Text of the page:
Carbon-Lite Atmosphere May Indicate Water and Life on Other Planets, Researchers Say


A carbon-lite atmosphere could be a potential indication of liquid water and the potential for life on terrestrial planets, according to a study conducted by scientists at MIT, the University of Birmingham, and other institutions. The researchers propose that if a planet has significantly less carbon dioxide in its atmosphere compared to other planets in the same system, it could be indicative of liquid water and the possibility of life on its surface.

The findings of the study, which is set to be published in Nature Astronomy, suggest that the absence of a specific chemical feature in planetary atmospheres could provide astronomers with the best chance of finding liquid water and signs of life on other planets. The researchers claim that this new signature, characterized by relatively depleted carbon dioxide, is the only detectable sign of habitability with current technologies.

While current telescopes can determine a planet’s distance from its star and its orbit time, these measurements do not confirm the presence of liquid water and thus do not provide direct evidence of a planet’s habitability. The team looked at similarities between Venus, Earth, and Mars, noting that Earth is the only planet among the three that currently possesses liquid water and has significantly less carbon dioxide in its atmosphere.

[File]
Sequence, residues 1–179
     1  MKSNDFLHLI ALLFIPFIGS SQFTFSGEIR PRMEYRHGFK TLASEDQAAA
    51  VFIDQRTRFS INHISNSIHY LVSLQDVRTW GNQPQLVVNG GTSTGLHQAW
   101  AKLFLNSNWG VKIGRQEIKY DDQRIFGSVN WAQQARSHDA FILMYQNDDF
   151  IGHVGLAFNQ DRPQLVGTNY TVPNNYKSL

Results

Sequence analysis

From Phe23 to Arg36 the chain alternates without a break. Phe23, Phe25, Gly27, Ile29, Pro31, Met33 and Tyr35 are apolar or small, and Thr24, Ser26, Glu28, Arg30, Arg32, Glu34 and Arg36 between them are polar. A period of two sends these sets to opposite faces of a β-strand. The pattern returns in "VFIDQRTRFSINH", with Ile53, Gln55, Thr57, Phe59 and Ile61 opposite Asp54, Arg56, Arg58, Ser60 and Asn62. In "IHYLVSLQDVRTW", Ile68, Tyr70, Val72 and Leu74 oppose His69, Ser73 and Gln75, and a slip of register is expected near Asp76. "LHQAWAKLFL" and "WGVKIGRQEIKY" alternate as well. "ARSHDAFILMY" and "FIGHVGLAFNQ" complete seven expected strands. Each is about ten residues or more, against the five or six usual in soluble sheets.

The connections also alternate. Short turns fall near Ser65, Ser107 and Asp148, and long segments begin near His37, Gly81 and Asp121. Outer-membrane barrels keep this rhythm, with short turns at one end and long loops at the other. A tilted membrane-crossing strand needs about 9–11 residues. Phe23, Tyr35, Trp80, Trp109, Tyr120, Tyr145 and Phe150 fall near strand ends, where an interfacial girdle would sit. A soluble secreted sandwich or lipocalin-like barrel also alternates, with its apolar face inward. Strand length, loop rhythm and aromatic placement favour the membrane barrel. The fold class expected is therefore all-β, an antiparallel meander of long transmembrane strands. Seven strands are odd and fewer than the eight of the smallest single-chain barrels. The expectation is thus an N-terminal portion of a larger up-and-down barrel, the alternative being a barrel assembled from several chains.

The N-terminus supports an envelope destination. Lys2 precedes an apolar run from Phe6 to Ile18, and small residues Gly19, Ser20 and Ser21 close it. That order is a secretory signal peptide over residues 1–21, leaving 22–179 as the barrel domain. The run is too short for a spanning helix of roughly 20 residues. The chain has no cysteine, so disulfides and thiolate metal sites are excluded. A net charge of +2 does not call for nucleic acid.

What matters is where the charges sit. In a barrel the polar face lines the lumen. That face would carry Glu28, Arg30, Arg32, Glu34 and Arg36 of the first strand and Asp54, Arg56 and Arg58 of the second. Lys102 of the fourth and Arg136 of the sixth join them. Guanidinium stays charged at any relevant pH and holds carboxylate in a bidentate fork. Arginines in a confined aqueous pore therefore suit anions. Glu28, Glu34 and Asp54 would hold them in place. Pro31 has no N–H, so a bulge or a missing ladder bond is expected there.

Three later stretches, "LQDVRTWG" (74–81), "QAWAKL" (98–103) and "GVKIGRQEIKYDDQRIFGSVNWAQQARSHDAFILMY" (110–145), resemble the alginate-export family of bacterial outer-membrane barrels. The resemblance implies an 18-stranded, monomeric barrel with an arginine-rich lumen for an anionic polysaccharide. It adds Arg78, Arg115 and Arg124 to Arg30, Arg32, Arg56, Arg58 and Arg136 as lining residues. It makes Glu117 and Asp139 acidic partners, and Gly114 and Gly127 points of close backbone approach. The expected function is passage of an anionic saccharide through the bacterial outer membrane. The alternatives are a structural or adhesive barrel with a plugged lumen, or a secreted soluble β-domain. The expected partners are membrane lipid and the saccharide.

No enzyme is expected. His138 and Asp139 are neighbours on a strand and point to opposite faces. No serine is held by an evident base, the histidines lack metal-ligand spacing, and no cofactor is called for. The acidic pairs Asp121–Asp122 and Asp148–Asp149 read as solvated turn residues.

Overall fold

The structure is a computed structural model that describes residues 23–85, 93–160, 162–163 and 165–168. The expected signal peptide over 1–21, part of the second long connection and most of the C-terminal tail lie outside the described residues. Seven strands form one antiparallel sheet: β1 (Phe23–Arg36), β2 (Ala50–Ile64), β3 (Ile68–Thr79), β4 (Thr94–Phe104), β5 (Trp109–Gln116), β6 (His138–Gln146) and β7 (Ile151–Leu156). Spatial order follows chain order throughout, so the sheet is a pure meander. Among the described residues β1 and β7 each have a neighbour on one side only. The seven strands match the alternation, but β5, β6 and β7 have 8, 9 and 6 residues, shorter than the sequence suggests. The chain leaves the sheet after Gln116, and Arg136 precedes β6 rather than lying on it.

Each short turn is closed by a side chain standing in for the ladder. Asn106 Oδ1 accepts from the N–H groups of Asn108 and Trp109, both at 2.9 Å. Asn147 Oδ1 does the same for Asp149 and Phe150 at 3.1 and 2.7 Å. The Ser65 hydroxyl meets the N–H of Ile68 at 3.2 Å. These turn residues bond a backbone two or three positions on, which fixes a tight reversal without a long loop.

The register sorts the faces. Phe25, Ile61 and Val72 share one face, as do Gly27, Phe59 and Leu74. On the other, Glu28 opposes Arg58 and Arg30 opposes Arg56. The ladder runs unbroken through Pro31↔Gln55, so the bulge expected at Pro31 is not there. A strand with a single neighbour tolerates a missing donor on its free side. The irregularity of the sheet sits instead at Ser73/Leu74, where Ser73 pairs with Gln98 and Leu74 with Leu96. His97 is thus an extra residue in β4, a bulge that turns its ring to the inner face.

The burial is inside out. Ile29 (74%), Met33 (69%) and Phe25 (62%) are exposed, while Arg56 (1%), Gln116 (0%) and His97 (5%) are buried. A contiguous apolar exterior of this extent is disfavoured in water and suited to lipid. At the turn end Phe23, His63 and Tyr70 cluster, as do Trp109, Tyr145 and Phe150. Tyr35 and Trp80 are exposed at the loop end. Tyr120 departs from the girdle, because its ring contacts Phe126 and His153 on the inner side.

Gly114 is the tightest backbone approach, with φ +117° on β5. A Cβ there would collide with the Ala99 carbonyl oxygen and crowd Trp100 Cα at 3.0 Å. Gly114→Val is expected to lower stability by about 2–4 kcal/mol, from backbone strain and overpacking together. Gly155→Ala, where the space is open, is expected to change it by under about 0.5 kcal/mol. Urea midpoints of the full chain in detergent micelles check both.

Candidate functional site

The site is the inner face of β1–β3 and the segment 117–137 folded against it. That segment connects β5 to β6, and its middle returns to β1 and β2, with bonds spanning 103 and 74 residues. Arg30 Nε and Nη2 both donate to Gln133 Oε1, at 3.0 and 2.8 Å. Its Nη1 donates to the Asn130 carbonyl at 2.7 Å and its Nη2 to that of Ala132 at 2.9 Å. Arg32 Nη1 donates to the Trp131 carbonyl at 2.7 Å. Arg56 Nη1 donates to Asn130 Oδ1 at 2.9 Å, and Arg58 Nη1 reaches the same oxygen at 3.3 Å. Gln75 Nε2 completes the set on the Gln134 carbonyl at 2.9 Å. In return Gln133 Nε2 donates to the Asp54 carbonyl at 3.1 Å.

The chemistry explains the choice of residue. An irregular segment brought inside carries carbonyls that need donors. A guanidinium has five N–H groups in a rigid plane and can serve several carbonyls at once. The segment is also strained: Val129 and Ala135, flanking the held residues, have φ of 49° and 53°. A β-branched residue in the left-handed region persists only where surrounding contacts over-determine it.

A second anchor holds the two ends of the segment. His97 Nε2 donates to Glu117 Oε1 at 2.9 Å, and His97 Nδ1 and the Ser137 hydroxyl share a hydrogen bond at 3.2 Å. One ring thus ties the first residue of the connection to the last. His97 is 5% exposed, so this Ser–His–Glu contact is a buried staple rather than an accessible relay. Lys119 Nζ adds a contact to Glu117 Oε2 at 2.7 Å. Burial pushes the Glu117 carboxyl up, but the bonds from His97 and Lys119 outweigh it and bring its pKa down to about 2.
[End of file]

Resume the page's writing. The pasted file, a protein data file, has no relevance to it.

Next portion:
Based on their observations, the team posits that if a planet in a distant system exhibits a depletion of carbon dioxide relative to neighboring planets, this would be a reliable indicator of the presence of liquid water and potentially life on its surface. The Earth’s oceans, and the subsequent absorption of carbon dioxide, have played a crucial role in regulating climate and supporting habitability over billions of years.

The team proposes a strategy to detect habitable planets by searching for a signature of depleted carbon dioxide. This search would be most effective for systems in which multiple terrestrial planets of similar size orbit closely together, much like the planets within our own solar system. The first step would involve confirming the presence of atmospheres on these planets, followed by measuring their carbon dioxide content. Planets that show significantly less carbon dioxide than the others would be considered habitable, potentially indicating the presence of liquid water.

However, habitable conditions on a planet do not necessarily guarantee the presence of life. To determine the likelihood of life, the researchers suggest that astronomers also look for the presence of ozone in a planet’s atmosphere. On Earth, plants and some microbes contribute to removing carbon dioxide from the atmosphere and emit oxygen, which reacts with sunlight to form ozone.

If a planet’s atmosphere exhibits both depleted carbon dioxide and signs of ozone, there is a high probability that the planet is habitable and may support life. The researchers estimate that NASA’s James Webb Space Telescope (JWST) would be capable of measuring carbon dioxide and potentially ozone in nearby multi-planet systems, such as TRAPPIST-1, a seven-planet system located just 40 light years away from Earth.

TRAPPIST-1 is among a handful of systems where terrestrial atmospheric studies could be conducted using the JWST, providing a roadmap for the discovery of habitable planets. The researchers suggest that with collaborative efforts, paradigm-shifting discoveries could be made within the next few years.

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